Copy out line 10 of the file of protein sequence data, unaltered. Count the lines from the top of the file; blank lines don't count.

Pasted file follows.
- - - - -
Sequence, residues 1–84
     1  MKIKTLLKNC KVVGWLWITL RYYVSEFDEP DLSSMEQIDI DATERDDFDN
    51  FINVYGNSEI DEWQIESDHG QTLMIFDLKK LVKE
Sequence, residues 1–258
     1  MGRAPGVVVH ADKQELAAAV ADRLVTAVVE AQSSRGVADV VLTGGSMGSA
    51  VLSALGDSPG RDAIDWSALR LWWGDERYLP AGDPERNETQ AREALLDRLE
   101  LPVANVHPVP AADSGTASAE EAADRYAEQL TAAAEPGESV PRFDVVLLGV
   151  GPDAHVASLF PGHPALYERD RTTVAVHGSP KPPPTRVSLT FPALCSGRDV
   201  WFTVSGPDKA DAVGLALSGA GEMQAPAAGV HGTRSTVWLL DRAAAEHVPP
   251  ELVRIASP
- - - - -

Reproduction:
   251  ELVRIASP